A composite measure of treatment failure within 1 week of enrollment served as the primary outcome, which was defined as hospitalization or IV rehydration, subsequent unscheduled physician encounter for the same episode of vomiting or diarrhea, protracted symptoms, crossover, and/or at least 3% weight loss or significant dehydration at in-person follow-up. IV rehydration, hospitalization and frequency of diarrhea and vomiting served as secondary endpoints.

Among the 99.5% of children who completed follow-up, those in the intervention group experienced fewer treatment failures (16.7%; 95% CI, 12.8-21.2) vs. controls (25%; 95% CI, 20.4-30.1; P < .001 for inferiority and P = .006 for superiority). Those in the intervention group also received IV rehydration less often (2.5% vs. 9%). Comparable rates of hospitalization, diarrhea and vomiting frequency occurred between groups.

“These results challenge the recommendation to routinely administer electrolyte maintenance solution when diarrhea begins,” which is largely based on a smaller, unblinded study, the researchers wrote. “The present study findings, derived from a larger and more heterogeneous population, confirmed via provincial registries, and conducted in an era when complicated episodes of gastroenteritis have become uncommon, may more accurately reflect the effect rehydration fluid choice has on unscheduled medical visits.”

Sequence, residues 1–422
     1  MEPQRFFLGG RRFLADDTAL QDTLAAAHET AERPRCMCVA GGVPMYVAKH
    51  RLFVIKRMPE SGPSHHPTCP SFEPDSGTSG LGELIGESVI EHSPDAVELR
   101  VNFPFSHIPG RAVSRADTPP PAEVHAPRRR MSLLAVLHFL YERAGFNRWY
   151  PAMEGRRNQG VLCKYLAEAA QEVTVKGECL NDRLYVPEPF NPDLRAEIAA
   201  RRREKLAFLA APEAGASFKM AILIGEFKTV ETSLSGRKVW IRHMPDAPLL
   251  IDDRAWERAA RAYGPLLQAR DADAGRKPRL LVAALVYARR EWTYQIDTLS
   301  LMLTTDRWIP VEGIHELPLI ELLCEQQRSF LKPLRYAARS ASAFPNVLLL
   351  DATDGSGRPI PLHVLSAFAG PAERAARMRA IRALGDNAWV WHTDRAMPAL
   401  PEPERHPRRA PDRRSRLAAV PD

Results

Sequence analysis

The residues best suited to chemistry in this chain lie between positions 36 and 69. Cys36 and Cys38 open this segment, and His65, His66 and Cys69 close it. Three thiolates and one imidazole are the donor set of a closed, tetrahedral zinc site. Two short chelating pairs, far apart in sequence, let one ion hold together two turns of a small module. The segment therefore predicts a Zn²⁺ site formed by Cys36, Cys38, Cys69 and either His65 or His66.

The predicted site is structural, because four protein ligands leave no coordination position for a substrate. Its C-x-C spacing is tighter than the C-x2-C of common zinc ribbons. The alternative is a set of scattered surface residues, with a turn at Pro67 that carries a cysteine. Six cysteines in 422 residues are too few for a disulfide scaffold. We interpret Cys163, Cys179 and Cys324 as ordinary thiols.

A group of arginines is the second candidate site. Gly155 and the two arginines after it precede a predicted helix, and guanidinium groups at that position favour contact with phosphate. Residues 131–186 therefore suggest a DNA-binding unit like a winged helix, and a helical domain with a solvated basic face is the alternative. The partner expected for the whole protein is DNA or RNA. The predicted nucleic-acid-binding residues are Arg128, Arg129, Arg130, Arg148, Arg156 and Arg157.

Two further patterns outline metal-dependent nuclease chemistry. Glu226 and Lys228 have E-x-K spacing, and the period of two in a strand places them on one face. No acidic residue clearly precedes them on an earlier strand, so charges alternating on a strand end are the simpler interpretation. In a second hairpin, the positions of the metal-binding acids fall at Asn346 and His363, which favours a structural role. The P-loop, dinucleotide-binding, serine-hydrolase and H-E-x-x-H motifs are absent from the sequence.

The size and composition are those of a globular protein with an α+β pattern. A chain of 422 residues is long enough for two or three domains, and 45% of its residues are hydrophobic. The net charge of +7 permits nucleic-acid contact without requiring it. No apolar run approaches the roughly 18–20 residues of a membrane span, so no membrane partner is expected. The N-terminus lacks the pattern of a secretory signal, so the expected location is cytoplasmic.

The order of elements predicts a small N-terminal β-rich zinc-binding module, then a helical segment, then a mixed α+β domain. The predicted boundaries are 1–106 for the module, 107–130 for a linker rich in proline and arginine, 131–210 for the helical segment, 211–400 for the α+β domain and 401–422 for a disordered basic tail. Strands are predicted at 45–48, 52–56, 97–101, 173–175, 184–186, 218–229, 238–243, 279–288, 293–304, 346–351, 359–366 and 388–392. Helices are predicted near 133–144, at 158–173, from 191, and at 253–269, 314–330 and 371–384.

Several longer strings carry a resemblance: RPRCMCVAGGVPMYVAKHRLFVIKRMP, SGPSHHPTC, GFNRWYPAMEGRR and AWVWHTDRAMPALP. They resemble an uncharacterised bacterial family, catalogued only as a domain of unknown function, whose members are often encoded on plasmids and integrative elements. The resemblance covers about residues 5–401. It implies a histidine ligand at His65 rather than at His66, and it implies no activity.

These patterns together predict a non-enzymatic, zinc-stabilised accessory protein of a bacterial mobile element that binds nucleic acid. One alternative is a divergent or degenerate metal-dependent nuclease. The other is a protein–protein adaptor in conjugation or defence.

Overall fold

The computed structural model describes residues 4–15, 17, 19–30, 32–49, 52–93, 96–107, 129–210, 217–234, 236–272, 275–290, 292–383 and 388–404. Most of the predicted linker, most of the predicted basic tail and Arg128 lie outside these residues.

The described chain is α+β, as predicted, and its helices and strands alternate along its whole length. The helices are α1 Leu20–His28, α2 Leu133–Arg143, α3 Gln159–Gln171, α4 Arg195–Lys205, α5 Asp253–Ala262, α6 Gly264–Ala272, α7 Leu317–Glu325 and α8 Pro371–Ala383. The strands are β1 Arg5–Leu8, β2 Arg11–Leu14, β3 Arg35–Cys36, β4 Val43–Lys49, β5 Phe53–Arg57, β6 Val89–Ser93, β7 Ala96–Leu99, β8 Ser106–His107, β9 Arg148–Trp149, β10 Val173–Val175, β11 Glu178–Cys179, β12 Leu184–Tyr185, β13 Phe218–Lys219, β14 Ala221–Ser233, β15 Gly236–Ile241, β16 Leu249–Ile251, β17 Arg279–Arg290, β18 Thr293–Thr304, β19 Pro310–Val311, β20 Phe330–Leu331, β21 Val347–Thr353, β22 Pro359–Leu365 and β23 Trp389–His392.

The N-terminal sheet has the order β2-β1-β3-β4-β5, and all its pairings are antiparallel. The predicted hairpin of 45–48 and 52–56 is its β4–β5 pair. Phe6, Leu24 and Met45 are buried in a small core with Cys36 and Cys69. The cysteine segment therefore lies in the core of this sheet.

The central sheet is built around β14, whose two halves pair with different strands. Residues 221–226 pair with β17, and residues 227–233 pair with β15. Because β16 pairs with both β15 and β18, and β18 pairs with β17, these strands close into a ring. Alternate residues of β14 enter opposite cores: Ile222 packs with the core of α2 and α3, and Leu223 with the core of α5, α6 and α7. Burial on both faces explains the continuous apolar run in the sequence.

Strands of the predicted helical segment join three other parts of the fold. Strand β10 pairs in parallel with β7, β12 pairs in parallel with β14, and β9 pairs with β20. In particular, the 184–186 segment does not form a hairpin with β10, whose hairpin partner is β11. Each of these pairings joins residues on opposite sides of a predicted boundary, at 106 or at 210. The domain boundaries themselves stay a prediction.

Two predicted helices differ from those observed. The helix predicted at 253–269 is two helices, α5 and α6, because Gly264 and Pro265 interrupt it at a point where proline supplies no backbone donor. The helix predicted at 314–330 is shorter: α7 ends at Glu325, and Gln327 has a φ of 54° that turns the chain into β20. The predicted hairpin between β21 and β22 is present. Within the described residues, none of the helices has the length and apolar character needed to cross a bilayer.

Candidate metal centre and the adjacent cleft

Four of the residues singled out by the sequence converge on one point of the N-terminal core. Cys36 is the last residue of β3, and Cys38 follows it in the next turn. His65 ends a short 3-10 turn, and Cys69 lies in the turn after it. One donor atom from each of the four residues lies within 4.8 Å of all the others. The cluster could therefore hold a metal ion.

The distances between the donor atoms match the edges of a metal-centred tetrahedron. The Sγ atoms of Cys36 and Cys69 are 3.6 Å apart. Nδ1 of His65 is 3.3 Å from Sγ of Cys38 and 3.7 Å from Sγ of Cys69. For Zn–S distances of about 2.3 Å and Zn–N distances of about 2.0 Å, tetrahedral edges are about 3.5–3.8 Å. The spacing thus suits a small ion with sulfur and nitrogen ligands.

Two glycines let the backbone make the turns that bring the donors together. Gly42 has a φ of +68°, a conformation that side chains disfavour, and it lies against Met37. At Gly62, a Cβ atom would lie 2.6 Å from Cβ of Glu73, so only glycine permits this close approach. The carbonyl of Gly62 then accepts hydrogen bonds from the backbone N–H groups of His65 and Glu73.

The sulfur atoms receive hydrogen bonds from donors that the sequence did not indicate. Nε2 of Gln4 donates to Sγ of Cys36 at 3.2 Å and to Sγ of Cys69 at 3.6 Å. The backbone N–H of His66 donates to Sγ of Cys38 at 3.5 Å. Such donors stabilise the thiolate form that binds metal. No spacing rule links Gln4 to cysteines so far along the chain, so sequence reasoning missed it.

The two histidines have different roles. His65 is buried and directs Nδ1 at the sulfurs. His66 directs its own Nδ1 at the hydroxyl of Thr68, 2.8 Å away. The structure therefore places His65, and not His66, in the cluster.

Thus, diluted apple juice and preferred fluids may be an appropriate alternative to electrolyte maintenance solution for treating children with mild gastroenteritis and minimal dehydration in many high-income countries, they concluded. – by Adam Leitenberger

Disclosure: The researchers report no relevant financial disclosures.

Reference:

Freedman SB, et al. Electrolyte Maintenance Solution Versus Usual Fluids in Children With Acute Gastroenteritis: A Randomized Clinical Trial. Presented at: Pediatric Academic Societies meeting; April 30 to May 3, 2016; Baltimore.